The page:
“I was interested in Brian Mitchell’s method of determining Prominence latitudes.  I would like to add an alternative which I have used for many years to advantage; the Protractor method, which I devised with the help of Alan Scott 15 years ago.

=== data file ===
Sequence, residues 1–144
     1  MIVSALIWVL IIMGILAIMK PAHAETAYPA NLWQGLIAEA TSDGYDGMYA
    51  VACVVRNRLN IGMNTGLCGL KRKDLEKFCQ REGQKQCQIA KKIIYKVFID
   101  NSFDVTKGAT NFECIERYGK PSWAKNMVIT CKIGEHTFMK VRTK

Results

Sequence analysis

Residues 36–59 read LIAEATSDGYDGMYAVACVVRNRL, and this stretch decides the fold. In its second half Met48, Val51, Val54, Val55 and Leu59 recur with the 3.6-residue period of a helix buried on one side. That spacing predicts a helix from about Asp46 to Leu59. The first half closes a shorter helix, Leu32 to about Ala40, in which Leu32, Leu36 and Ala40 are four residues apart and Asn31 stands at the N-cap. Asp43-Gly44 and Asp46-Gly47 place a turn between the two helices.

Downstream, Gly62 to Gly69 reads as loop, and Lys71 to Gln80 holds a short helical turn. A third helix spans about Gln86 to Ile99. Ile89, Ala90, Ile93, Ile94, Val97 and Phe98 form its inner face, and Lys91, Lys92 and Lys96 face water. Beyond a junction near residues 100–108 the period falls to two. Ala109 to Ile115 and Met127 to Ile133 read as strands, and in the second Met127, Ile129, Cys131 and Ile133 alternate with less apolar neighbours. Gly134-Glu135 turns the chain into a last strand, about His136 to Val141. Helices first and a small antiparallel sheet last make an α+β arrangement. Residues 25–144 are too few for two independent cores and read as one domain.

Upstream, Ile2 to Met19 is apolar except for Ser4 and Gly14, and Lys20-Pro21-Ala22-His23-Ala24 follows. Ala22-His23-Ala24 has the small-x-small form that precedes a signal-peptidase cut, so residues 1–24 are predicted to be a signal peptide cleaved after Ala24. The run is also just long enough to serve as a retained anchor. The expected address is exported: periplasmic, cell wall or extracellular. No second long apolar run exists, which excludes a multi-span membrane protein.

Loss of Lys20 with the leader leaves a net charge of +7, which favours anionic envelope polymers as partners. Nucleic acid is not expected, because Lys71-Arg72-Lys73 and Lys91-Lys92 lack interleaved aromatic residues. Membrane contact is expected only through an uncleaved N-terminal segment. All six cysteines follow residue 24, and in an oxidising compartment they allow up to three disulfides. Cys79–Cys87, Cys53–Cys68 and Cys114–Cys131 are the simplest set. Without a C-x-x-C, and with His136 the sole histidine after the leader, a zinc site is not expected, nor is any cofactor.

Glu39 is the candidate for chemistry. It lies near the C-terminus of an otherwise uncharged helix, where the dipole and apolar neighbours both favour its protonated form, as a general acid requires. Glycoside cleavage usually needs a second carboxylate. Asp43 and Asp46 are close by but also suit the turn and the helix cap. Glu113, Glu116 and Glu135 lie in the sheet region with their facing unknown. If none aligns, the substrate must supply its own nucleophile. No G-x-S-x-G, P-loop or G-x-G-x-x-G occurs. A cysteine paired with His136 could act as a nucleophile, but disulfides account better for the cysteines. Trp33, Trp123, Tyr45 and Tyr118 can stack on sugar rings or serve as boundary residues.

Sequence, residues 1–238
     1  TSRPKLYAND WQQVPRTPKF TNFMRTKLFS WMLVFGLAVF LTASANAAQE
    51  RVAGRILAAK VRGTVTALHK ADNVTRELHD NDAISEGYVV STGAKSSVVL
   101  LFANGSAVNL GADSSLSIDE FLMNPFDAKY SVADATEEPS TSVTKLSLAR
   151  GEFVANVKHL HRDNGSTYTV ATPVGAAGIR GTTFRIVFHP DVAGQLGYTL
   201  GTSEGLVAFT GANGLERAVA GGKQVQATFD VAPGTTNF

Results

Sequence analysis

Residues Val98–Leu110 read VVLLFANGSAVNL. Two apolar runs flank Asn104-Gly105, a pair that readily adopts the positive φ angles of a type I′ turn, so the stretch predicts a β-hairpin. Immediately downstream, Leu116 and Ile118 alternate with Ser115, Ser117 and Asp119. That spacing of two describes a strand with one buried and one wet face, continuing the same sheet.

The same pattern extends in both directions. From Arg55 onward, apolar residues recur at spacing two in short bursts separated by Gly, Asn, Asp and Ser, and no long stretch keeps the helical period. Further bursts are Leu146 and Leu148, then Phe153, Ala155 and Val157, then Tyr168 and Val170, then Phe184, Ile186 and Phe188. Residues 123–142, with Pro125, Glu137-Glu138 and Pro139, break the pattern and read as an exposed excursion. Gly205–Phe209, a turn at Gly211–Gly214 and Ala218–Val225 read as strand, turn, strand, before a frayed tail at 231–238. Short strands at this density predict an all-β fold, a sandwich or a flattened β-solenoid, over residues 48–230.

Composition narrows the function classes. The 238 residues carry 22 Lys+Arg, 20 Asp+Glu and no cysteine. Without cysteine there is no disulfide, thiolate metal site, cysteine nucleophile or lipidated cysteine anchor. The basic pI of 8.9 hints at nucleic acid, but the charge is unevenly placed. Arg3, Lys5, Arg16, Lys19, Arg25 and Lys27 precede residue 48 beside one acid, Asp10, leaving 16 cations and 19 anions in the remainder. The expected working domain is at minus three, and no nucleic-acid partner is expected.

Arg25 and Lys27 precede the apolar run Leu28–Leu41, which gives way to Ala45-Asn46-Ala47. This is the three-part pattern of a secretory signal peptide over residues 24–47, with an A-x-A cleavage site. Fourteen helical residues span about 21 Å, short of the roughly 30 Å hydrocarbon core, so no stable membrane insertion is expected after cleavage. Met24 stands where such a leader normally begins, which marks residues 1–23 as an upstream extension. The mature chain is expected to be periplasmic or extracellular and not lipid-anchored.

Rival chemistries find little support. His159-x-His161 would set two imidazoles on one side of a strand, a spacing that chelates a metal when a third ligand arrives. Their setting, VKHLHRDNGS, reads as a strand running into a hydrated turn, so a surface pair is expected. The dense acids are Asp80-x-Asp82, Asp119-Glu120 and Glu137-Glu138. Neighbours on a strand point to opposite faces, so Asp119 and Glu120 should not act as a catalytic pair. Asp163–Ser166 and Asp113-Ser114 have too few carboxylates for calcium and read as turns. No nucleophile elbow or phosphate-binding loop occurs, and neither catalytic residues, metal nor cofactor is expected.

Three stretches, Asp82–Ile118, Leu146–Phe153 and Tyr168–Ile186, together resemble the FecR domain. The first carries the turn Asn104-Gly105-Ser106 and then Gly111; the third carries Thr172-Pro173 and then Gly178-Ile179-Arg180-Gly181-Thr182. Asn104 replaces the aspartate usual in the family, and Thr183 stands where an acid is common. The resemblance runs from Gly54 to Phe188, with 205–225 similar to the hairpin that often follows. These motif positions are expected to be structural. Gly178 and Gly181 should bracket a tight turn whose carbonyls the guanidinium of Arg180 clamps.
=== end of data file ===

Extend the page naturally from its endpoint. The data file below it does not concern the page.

Like Brian’s way, a haircross is permanently attached to the bottom of my 40 mm eyepiece (I used a fine strand of nylon from a stocking).  The upper half of a commercial protractor is attached to the eyepiece and a separate pointer is clamped to the eyepiece holder, as illustrated.  At the onset of the observation, the haircross is achieved by bringing the E-W line of the cross to near N or S of the solar disc and by rotating the eyepiece and moving it in right ascension until it is aligned.  The disc is centralised and the pointer is moved at the 90º mark of the protractor.  When a prominence is seen, the eyepiece is rotated until the pointer coincides with the prominence.  The pointer thus shows the exact distance of the prominence from the N point and is marked on the drawing board.  This procedure is repeated for every prominence.  Obviously, an equatorial mounting is essential and a motor drive is of great advantage.”